2018 Southern Ute Bear Dance
Join the Southern Ute Bear Dance celebration on May 25-28, 2018 at the Bear Dance Grounds in Ignacio, Colorado. The event starts Friday night and goes through Monday. The traditional Southern Ute Bear Dance, once held in March, welcomes spring and celebrates connections to the Earth each Memorial Day Weekend. The Annual Ute Bear Dance is a social dance everyone enjoys. Origin of the Bear Dance can be traced back to the fifteenth century when the Spanish first came upon the Ute’s in the spring time. When the first thunder in the spring was heard, it was time for the Bear Dance.
Southern Ute Bear Dance
Two Separate Events
Don’t confuse this traditional four day Southern Ute Bear Dance at the Bear Dance Grounds with two day Southern Ute Bear Dance Powwow at the Sky Ute Fairgrounds that happens at the same time about three miles away. The traditional Bear Dance is held on the Memorial Day Weekend at the same time as the “powwow”. Many dancers and visitors will go back and forth between these two events, depending on the schedule.
The Bear Dance opens at 10 a.m., with blessing of the corral at 10:30 and a kickoff lunch at noon. Bear dancing on Saturday and Sunday starts at 10 a.m. and continues through the evening. On Monday the dancing starts at 10a.m. and ends at sunset. The Bear Dance feast is Monday noon just south of the Bear Dance corral.
Please Observe these Rules
- No short dresses or baggy pants while dancing
- Photography, video and audio recording is prohibited except by members of the Ute Tribes.
- The Pine River is restricted
For Bear Dance information call 5630100, ext. 3624.
About the Bear Dance
The Bear Dance originally was held around the middle of March, usually after the first thunder in the spring was heard and when the Bear came out of hibernation. All the various Ute bands would come together and prepare for the dances, which were held throughout Ute territories. For the Southern Utes, the hosting date has been changed to the Memorial Day weekend to cater to the youth who would be out of school for the summer.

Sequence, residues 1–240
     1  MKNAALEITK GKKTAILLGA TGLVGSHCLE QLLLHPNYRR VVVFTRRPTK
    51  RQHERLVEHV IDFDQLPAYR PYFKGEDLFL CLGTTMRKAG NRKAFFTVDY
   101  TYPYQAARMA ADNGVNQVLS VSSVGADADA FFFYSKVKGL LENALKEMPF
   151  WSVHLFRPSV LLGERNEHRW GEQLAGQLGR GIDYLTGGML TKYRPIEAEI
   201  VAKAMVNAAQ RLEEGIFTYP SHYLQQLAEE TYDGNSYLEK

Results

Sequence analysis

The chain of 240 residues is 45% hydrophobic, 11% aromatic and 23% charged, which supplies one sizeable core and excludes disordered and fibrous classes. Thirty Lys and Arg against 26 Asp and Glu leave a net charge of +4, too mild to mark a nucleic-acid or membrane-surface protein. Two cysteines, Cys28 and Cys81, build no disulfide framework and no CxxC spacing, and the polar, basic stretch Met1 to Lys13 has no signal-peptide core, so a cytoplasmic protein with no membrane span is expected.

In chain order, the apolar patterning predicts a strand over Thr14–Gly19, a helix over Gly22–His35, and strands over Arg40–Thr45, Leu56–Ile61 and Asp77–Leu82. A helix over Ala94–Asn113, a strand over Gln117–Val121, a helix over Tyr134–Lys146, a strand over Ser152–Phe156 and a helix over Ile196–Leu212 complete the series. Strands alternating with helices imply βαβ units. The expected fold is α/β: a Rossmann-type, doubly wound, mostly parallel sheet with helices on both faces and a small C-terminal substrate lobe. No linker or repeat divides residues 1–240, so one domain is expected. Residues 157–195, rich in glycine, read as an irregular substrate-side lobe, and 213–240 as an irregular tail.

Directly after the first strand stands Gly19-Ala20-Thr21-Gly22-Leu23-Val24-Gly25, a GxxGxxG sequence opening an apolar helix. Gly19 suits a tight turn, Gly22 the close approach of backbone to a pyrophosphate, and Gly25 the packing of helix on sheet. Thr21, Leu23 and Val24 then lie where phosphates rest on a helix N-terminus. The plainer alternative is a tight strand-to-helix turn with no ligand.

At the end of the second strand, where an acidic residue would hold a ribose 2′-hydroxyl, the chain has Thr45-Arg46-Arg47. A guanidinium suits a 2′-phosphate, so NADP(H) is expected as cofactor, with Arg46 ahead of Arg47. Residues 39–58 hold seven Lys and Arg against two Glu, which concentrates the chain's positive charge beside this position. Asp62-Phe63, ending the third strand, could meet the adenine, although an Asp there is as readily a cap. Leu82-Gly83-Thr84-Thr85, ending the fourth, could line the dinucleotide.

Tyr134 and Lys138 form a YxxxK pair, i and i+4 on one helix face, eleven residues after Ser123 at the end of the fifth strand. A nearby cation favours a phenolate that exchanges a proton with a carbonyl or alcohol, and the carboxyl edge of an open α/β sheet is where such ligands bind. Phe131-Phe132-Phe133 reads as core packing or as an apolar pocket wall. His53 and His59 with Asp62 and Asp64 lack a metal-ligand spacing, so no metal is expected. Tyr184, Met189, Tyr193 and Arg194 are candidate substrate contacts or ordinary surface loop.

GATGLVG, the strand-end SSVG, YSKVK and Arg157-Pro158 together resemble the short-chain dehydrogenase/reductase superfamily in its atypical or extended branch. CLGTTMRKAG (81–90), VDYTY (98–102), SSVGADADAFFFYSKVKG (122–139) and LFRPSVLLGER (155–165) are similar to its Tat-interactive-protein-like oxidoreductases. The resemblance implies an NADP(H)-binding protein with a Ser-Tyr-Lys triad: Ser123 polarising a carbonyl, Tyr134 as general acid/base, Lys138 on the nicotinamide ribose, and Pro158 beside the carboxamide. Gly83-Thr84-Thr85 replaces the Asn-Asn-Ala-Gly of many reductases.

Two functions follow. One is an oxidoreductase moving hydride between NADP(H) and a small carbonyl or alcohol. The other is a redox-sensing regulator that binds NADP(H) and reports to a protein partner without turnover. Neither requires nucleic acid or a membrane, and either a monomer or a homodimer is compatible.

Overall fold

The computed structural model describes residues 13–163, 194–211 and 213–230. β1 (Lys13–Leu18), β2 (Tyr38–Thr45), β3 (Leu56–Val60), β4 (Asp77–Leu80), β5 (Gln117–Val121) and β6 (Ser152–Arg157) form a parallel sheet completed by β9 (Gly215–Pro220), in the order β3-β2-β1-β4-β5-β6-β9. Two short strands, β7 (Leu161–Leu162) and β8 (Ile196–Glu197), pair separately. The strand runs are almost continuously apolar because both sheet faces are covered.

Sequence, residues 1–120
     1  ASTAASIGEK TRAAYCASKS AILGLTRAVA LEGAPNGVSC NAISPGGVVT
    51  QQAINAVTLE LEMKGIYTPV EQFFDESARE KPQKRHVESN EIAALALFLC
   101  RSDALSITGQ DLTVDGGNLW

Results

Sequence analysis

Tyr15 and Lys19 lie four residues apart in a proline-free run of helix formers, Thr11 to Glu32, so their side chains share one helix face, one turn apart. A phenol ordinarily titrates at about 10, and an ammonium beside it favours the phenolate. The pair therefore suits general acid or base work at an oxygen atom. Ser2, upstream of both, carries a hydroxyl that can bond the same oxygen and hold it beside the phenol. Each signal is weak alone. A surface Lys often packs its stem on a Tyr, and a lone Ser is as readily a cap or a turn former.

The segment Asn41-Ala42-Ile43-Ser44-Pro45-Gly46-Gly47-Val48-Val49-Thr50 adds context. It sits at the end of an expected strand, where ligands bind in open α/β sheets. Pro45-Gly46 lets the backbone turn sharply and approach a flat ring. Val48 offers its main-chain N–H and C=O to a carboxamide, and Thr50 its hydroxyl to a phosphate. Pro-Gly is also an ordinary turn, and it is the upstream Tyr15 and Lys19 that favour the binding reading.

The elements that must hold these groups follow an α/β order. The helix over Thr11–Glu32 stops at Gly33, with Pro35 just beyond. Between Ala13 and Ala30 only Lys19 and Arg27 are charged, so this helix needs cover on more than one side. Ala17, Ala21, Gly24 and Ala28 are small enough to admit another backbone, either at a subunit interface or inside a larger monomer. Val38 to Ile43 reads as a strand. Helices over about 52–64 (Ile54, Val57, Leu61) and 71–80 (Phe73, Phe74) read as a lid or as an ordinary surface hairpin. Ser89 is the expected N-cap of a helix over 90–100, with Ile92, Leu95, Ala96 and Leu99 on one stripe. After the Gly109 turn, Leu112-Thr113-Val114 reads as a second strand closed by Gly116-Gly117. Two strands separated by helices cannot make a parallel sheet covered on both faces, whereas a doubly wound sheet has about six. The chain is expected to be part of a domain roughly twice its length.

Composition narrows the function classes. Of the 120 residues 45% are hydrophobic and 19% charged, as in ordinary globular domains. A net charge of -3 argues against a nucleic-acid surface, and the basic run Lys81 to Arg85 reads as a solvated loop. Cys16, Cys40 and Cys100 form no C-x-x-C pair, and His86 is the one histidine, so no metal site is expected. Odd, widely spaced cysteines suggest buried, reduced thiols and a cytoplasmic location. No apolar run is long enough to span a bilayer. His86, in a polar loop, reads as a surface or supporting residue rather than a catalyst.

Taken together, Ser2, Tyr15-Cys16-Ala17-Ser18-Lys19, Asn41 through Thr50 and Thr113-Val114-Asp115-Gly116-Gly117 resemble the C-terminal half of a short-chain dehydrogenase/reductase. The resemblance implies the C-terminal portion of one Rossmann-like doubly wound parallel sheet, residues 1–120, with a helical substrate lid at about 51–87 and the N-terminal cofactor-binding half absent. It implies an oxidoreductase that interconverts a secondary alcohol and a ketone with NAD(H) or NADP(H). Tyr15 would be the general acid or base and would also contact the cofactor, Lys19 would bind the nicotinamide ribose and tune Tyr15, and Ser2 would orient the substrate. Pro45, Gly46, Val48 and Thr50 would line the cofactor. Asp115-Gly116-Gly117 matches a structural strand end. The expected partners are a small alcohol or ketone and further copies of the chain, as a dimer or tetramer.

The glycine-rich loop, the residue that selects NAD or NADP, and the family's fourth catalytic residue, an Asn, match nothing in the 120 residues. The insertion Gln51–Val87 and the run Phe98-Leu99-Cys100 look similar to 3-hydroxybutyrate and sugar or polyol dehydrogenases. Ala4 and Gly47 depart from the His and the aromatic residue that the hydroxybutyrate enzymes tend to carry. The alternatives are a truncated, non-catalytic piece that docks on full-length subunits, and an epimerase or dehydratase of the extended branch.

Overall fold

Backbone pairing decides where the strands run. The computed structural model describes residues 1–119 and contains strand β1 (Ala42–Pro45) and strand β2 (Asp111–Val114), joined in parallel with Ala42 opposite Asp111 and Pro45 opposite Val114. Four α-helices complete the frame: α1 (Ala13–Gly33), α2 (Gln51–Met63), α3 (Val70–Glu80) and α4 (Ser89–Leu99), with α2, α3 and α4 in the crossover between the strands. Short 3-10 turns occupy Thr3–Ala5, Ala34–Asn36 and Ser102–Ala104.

The Bear Dance is the oldest and most historic of the Southern Ute dances. Legend has it that two brothers were hunting when one of them noticed a bear doing a dance while scratching a tree. The bear taught the hunter the dance, along with songs, to take back to his people. The songs showed respect to the bear spirit, and respect to the bear spirit makes one strong.
The Bear Dance is still celebrated today with a dance corral, drums and singing, festive costumes and good food. The women wear colorful broom skirts and shawls, many of which are homemade especially for the dance. It’s women’s choice, so the women ask the men to dance by flicking their shawls toward the men they wish to dance with. It’s a no risk proposition, since it’s against the rules for a man in the dance corral to refuse an invitation.
Another tradition is to wear plumes during the dance. The plumes represent troubles or hardships endured over the last year. The plumes are left at the entrance of the dance corral when the dance ends to signify leaving old troubles behind and starting life anew.
The last day of Bear Dance features a feast for all in attendance. Traditionally, a stew is prepared with meat and vegetables mixed in a large, round pot atop an open fire.
This information about the Southern Ute Bear Dance is from articles on the Bear Dance, by the Southern Ute Drum.
Mark your calendar today so you don’t miss the next Southern Ute Bear Dance celebration on Memorial Day Weekend at the Bear Dance Grounds in Ignacio, Colorado.
Tags: Southern Ute Bear Dance, Colorado Powwow, Colorado Pow Wow